Using a variety of cumin, scientists in India have patented their innovative herbal gel for affordable, effective treatment of mild to moderate psoriasis.
The inflammatory skin disorder that causes itchiness and irritation from red and scaly rashes already affects millions of people around the world and the numbers may be up during the pandemic.
Treatments are available in the market today, but existing treatment options, including steroid and UV radiation therapy, tend to be expensive, with possible side effects.
There is still no cure for psoriasis, but scientists at Shoolini University developed a plant-based gel, which contains a natural anti-inflammatory chemical compound that could be considerably cheaper.
The invention by scientists at the Himachal Pradesh-based university contains thymoquinone, a pharmacologically active chemical found in the seeds of the plant Nigella sativa—commonly known as black cumin and widely used in Asian cooking and herbal medicine.
Dr. Poonam Negi, Charul Rathore, and Ishita Sharma harnessed thymoquinone’s known therapeutic effects into a gel that can provide instant relief from the itchy rashes and thereby improve a patient’s quality of life.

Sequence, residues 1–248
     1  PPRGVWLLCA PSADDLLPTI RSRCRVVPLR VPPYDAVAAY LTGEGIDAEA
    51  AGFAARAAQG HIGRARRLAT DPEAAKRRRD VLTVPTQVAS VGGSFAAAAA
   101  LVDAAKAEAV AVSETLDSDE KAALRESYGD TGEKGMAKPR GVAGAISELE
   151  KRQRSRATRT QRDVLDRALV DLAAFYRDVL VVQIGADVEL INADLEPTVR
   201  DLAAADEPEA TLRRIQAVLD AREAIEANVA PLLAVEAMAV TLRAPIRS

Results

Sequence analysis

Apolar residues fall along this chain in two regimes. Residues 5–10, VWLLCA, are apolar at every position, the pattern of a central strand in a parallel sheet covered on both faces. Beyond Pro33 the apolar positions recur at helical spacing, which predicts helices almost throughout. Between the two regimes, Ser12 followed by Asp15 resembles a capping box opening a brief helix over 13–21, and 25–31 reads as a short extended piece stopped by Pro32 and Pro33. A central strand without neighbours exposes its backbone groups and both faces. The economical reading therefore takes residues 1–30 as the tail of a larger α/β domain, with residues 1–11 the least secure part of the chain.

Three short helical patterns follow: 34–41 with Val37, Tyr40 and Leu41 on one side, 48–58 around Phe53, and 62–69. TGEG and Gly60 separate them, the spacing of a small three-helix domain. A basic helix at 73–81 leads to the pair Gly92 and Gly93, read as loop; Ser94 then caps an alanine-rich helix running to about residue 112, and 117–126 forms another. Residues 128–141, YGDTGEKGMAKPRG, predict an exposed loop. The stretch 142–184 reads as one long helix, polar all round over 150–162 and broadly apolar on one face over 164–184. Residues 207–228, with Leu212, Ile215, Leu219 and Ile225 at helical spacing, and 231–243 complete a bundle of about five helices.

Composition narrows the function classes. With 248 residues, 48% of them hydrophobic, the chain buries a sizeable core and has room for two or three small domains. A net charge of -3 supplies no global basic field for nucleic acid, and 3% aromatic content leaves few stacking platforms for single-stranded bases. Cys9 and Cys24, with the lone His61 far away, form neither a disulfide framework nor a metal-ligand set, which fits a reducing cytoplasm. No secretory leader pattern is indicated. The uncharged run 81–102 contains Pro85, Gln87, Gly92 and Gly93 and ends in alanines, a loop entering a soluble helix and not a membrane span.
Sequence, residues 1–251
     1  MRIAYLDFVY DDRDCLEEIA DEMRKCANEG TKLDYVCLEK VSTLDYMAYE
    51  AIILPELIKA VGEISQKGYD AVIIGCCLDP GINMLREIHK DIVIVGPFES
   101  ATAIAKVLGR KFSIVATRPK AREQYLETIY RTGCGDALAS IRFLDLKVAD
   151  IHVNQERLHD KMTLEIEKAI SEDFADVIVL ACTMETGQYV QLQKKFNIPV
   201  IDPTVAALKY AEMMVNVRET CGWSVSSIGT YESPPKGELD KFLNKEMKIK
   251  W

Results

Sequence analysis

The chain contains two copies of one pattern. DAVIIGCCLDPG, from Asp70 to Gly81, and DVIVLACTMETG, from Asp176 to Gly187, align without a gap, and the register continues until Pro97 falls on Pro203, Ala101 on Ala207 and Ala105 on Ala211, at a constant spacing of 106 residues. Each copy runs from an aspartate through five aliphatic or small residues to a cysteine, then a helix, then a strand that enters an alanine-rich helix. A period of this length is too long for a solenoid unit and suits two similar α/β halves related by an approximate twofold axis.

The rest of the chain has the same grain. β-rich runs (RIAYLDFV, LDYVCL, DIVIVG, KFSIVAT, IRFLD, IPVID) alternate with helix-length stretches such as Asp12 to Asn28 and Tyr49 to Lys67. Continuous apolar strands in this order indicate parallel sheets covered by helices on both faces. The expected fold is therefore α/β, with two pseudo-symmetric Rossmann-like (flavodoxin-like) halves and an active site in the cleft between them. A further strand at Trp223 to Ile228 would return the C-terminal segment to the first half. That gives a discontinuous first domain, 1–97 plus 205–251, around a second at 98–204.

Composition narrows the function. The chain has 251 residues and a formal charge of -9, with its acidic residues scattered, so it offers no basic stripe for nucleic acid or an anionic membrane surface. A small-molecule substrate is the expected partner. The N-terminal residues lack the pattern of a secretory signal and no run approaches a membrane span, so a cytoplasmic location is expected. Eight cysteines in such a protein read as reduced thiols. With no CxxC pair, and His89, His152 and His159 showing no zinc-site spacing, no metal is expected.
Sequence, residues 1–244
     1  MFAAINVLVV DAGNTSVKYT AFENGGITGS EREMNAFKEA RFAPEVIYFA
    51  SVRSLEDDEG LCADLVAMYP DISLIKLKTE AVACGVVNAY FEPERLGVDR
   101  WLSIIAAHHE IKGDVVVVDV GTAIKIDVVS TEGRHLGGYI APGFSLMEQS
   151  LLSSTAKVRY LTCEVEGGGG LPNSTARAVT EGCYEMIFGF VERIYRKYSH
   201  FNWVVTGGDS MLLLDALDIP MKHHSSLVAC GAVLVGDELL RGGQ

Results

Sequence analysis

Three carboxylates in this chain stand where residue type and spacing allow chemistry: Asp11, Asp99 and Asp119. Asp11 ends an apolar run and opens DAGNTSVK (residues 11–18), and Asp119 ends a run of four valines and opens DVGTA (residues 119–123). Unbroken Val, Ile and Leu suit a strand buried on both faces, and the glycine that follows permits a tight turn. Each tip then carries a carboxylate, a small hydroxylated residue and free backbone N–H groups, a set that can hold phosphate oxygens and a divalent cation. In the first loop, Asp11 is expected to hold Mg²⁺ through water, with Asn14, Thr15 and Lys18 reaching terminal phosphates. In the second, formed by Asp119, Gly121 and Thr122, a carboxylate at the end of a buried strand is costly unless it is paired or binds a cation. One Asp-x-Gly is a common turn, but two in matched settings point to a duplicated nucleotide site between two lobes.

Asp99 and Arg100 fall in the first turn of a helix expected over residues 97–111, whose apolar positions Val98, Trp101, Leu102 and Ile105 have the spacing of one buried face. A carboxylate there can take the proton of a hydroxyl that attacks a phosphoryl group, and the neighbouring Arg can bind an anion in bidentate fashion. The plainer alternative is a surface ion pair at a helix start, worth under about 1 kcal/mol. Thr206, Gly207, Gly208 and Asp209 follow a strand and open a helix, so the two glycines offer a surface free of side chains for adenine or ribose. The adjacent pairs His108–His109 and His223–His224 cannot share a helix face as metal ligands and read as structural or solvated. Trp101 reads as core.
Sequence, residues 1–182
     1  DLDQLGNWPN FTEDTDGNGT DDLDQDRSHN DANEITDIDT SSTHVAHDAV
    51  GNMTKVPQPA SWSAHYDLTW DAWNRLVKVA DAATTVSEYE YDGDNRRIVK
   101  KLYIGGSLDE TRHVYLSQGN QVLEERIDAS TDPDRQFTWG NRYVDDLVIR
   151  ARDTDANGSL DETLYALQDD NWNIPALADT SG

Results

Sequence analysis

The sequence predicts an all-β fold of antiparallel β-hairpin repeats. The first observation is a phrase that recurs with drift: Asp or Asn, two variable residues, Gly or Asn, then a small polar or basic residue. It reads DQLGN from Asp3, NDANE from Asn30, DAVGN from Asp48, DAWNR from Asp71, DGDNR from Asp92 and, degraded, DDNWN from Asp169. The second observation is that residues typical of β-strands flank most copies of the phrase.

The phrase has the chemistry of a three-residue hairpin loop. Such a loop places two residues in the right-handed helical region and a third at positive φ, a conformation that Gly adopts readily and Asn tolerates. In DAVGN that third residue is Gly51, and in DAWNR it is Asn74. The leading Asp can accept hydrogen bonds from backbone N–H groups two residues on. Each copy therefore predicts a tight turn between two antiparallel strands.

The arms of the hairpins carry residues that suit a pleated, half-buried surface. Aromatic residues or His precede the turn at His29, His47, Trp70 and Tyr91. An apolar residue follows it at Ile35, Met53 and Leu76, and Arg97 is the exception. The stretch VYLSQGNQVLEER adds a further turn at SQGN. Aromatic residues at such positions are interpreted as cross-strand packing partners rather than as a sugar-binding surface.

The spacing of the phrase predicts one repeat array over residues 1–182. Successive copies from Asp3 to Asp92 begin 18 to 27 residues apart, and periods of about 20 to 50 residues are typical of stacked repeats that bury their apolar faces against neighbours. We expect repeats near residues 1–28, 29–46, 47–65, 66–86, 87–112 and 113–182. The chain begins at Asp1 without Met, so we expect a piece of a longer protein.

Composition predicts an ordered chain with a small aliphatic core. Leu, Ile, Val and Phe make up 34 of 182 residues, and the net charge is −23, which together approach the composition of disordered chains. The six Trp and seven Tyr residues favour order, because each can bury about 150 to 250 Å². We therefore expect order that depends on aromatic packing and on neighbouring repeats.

Sativa oil is traditionally used for treating skin conditions, including psoriatic rashes. But, Dr. Negi says, “This oil contains low thymoquinone levels, which forces patients to apply large amounts of it. Our developed gel, however, maintains therapeutically effective concentrations of thymoquinone at the psoriatic lesions.”
The product was shown to be more effective than the oil, and it has been tested pre-clinically for its efficacy and safety, with clinical trials yet to be completed.
Increased importance during the pandemic
It is worth noting that many conventional treatment options for psoriasis, such as steroids, work by suppressing the immune system. This is a matter of serious concern, given the current spread of COVID-19, which requires a strong, balanced immune system to combat the infection. Shoolini’s gel would relieve psoriatic rashes without compromising the immune system.
The water-based patented gel is also attractive now because of its affordability.
Global sales of psoriasis treatments are growing at approximately 7% per year and are expected to reach US$ 13.1 billion by 2025.
Dr. Negi predicts their therapy would cost under $7 per month in cases of mild psoriasis and under $15 for cases of moderate-to-severe psoriasis.
They are in stage 2 of the development of the product and they told GNN they are looking for an industry partner, and hope to get this to the market in the next 2 years. We will be sure to post an update when they do.